ABSTRACT: Background:Planning for mass critical care in resource poor or constrained settings (developing or undeveloped countries) has been largely ignored despite their large populations that are prone to suffer disproportionately from natural disasters. Addressing mass critical care in these settings has the potential to help vast numbers of people and also to inform planning for better-resourced areas. Methodology:The Resource Poor Settings panel developed 5 key question domains; defining the term resource poor and using the traditional phases of disaster (mitigation/preparedness/response/recovery), literature searches were conducted to identify evidence on which to answer the key questions in these areas. Given a lack of data upon which to develop evidenced-based recommendations, expert-opinion suggestions were developed and consensus was achieved using a modified Delphi process. Results:The 5 key questions were then separated as follows: definition, infrastructure and capacity building, resources, response, and reconstitution/recovery of host nation critical care capabilities and research. Addressing these questions led the panel to offer 33 suggestions. Due to the large number of suggestions the results have been separated into two sections, part I: Infrastructure/Capacity in this manuscript, and part II, Response/Recovery/Research in the accompanying manuscript. Conclusions:Lack of, or presence of, rudimentary Intensive Care Unit resources and limited capacity to enhance services further challenge resource poor and constrained settings. Hence, capacity building entails preventative strategies and strengthening of primary health services. Assistance from other countries and organizations is needed to mount a surge response. Moreover, planning should include when to disengage and how the host nation can provide capacity beyond the mass casualty care event.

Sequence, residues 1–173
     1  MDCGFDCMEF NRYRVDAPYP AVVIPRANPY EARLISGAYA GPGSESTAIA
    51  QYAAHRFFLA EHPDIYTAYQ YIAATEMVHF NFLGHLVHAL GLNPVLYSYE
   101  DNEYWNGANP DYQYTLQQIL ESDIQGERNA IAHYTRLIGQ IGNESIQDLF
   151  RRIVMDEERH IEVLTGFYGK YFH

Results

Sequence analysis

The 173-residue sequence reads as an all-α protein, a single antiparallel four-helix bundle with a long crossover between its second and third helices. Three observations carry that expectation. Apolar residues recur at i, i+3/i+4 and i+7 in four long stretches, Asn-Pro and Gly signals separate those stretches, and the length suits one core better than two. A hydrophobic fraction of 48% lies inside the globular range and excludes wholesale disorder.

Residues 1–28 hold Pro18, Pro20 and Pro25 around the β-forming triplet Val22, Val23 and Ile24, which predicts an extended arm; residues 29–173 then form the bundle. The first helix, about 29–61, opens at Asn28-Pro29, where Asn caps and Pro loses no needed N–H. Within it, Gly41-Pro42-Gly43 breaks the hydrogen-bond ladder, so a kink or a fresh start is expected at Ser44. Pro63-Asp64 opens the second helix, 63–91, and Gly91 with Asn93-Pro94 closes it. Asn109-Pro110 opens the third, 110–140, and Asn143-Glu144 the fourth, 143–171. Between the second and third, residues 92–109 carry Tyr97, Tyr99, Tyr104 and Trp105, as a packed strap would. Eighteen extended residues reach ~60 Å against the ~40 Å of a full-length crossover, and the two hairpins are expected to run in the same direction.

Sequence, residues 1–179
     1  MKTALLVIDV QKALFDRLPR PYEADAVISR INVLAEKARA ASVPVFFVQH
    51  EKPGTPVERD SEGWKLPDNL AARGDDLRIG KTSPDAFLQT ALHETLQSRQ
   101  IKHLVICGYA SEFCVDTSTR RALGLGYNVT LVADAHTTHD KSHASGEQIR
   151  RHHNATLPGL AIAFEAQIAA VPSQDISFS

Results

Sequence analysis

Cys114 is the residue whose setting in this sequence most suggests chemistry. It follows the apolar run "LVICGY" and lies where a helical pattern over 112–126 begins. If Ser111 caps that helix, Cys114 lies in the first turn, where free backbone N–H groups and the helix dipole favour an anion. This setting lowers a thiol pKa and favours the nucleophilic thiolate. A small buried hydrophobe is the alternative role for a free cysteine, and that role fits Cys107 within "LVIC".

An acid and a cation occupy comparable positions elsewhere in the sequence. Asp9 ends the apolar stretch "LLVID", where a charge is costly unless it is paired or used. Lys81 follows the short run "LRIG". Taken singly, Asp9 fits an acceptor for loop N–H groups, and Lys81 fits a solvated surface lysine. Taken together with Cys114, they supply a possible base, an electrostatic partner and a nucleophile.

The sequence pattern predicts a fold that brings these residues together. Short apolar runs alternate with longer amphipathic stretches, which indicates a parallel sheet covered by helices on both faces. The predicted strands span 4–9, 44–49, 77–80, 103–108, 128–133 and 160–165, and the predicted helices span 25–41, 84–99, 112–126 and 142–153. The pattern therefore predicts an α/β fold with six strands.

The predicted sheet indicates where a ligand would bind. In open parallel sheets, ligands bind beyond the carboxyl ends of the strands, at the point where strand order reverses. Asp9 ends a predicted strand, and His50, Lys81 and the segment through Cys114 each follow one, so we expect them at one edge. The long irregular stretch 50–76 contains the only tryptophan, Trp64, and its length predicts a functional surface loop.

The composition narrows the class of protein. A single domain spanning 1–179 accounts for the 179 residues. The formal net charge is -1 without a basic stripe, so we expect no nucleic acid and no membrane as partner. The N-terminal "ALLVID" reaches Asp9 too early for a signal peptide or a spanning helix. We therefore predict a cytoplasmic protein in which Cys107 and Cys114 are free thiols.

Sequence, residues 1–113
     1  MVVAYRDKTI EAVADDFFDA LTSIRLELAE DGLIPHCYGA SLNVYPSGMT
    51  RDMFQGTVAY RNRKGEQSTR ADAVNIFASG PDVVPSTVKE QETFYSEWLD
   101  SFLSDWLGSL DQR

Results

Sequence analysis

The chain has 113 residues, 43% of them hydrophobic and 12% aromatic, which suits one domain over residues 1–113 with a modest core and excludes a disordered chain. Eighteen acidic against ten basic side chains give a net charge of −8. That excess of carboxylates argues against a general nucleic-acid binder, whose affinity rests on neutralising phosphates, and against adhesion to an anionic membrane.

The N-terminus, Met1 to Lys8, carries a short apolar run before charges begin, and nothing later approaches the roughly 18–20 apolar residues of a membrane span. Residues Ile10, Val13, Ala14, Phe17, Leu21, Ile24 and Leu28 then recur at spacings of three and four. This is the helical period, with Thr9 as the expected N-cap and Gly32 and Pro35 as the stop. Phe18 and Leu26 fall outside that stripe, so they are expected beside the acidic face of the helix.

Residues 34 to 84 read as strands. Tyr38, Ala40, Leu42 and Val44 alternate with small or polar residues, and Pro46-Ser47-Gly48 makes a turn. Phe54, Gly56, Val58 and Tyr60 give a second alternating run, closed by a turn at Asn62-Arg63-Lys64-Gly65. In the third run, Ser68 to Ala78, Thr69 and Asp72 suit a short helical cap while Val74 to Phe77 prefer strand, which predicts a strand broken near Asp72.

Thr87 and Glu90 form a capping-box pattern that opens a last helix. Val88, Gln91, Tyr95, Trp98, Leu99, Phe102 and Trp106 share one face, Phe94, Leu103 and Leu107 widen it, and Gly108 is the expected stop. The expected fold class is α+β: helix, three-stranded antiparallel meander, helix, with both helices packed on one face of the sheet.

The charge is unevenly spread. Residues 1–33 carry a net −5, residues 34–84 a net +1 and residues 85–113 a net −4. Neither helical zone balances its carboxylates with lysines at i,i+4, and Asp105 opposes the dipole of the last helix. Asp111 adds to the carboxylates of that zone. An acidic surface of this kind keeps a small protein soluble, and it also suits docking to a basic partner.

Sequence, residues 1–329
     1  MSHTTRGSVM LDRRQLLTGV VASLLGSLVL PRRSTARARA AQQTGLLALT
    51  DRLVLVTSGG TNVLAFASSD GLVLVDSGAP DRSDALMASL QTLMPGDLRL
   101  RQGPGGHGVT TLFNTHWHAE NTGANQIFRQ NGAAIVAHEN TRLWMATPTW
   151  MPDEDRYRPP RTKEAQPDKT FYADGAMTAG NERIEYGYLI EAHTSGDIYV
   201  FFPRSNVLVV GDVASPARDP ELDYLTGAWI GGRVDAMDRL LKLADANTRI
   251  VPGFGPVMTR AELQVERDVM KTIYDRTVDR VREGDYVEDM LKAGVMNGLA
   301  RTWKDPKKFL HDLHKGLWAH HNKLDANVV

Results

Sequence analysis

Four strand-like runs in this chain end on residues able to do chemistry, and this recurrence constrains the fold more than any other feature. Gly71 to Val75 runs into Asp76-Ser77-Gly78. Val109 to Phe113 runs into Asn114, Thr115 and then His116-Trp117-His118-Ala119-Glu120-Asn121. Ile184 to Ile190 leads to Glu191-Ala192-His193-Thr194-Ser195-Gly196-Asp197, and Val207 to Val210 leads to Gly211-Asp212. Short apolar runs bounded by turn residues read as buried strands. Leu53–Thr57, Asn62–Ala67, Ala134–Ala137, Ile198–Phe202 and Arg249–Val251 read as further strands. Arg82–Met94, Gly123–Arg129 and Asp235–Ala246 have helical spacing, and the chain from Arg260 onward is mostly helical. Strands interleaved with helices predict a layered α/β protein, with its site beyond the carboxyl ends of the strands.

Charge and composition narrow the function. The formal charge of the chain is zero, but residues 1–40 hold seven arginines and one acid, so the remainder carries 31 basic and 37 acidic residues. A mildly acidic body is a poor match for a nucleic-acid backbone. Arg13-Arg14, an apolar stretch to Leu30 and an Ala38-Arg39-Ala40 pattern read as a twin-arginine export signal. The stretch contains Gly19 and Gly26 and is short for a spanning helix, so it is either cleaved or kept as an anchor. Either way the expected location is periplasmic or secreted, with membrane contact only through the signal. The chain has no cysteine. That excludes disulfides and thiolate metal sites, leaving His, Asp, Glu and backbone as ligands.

Chest 08/2014; 146(4). DOI:10.1378/chest.14-0744 · 7.13 Impact Factor
  • Source
    [Show abstract] [Hide abstract]
    ABSTRACT: BACKGROUND: Planning for mass critical care in resource-poor and constrained settings has been largely ignored, despite large, densely crowded populations who are prone to suffer disproportionately from natural disasters. As a result, disaster response has been suboptimal and in many instances hampered by lack of planning, education and training, information, and communication. METHODS: The Resource-Poor Settings panel developed five key question domains; defining the term resource poor and using the traditional phases of the disaster cycle (mitigation/preparedness/response/recovery). Literature searches were conducted to identify evidence to answer the key questions in these areas. Given a lack of data on which to develop evidence-based recommendations, expert-opinion suggestions were developed, and consensus was achieved using a modified Delphi process. RESULTS: The five key questions were as follows: definition, capacity building and mitigation, what resources can we bring to bear to assist/surge, response, and reconstitution and recovery of host nation critical care capabilities. Addressing these led the panel to off er 33 suggestions. Because of the large number of suggestions, the results have been separated into two sections: part I, Infrastructure/Capacity in the accompanying article, and part II, Response/Recovery/Research in this article. CONCLUSIONS: A lack of rudimentary ICU resources and capacity to enhance services plagues resource-poor or constrained settings. Capacity building therefore entails preventative strategies and strengthening of primary health services. Assistance from other countries and organizations is oft en needed to mount a surge response. Moreover, the disengagement of these responding groups and host country recovery require active planning. Future improvements in all phases require active research activities. CHEST 2014; 146 (4_Suppl): e168S-e177S
    Chest 08/2014; 146(4). DOI:10.1378/chest.14-0745 · 7.13 Impact Factor

Full-text

Download
11 Downloads
Available from
Nov 1, 2014